Genetic mutation linked to eye cancer discovered

December 11th, 2008 - 11:57 am ICT by IANS  

Toronto, Dec 11 (IANS) Canadian researchers have discovered a gene mutation that can lead to the most common eye cancer.According to Catherine Van Raamsdonk, an assistant professor of medical genetics at the University of British Columbia who led a team of researchers, a genetic mutation in a gene called GNAQ could be responsible for up to 45 per cent cases of uveal melanoma.

Uveal melanoma is defined as the cancer of the uveal region which is one of the three layers that make up the wall of the eye.

It is caused by unregulated growth of melanocytes which are also found in the skin and are cells linked to a life-threatening form of skin cancer, a university statement in Vancouver said Wednesday.

“We discovered that GNAQ regulates melanocyte survival,” Van Raamsdonk was quoted in the statement as saying.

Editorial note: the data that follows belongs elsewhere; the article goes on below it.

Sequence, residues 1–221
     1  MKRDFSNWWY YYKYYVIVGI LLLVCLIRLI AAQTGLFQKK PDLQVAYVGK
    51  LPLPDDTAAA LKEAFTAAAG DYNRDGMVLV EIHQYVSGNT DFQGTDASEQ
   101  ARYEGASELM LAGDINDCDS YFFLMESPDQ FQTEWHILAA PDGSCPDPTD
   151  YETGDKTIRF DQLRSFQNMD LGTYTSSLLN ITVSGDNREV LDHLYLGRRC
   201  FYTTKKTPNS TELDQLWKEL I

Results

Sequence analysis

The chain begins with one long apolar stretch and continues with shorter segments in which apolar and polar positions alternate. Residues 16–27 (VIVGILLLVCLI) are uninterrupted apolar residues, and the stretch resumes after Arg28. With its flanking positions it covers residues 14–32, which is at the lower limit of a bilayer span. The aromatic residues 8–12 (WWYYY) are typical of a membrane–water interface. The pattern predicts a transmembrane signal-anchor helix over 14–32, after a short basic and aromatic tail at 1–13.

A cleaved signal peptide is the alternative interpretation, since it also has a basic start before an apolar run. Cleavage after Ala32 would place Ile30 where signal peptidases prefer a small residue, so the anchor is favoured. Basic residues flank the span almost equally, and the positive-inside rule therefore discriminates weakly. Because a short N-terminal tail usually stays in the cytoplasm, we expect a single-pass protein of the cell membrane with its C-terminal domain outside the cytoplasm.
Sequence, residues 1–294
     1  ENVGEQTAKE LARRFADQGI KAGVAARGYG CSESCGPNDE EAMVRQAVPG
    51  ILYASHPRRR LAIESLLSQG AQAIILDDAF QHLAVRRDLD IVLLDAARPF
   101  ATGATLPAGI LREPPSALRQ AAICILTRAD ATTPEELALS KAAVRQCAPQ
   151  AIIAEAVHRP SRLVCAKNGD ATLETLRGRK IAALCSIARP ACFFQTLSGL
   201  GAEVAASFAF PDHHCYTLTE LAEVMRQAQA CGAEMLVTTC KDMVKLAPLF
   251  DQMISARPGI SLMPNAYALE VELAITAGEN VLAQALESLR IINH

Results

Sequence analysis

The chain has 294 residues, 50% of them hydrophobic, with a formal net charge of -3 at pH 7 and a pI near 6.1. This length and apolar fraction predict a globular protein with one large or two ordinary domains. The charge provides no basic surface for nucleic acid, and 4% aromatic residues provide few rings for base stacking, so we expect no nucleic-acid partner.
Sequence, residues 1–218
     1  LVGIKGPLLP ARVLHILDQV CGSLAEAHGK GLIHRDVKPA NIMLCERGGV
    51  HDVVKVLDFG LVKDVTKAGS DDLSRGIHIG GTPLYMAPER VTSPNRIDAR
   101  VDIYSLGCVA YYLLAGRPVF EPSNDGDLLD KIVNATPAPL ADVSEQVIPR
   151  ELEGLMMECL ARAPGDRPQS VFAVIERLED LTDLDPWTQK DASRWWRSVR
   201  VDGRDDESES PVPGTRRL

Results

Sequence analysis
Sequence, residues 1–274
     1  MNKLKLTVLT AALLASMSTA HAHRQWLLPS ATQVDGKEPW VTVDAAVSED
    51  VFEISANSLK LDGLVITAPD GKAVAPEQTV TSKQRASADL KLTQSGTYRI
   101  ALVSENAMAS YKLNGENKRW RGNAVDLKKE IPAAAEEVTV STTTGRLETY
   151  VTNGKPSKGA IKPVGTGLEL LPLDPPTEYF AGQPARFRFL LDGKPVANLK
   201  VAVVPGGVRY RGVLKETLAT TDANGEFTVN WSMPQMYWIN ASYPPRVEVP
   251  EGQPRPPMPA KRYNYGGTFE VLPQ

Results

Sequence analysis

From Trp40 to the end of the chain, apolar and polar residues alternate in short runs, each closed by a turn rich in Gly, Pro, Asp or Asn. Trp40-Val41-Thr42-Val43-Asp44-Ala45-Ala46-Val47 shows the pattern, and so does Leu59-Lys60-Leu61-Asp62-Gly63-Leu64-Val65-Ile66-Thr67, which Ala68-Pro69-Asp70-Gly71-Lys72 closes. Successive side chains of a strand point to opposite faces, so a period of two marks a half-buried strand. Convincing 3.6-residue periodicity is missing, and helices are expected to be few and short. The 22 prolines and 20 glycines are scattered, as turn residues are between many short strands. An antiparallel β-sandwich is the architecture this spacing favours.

“When the GNAQ gene is mutated it leads to unregulated growth of melanocytes. Since cancer is a disease of unregulated cell growth, our findings led us to the discovery that a genetic mutation of the GNAQ gene causes uveal melanoma,” she said.

Van Raamsdonk added, “Prior to our work, the mutations responsible for uveal melanoma were completely unknown.no other research looked at mutations in GNAQ. The next step is to develop an effective treatment by targeting the specific biological processes that this mutated gene controls.”

An aggressive cancer without any effective treatment, uveal melanoma is the most common eye cancer in the US. Researchers also linked this genetic mutation to the development of a skin mole called blue naevi.

The findings have been published in this week’s Nature journal.

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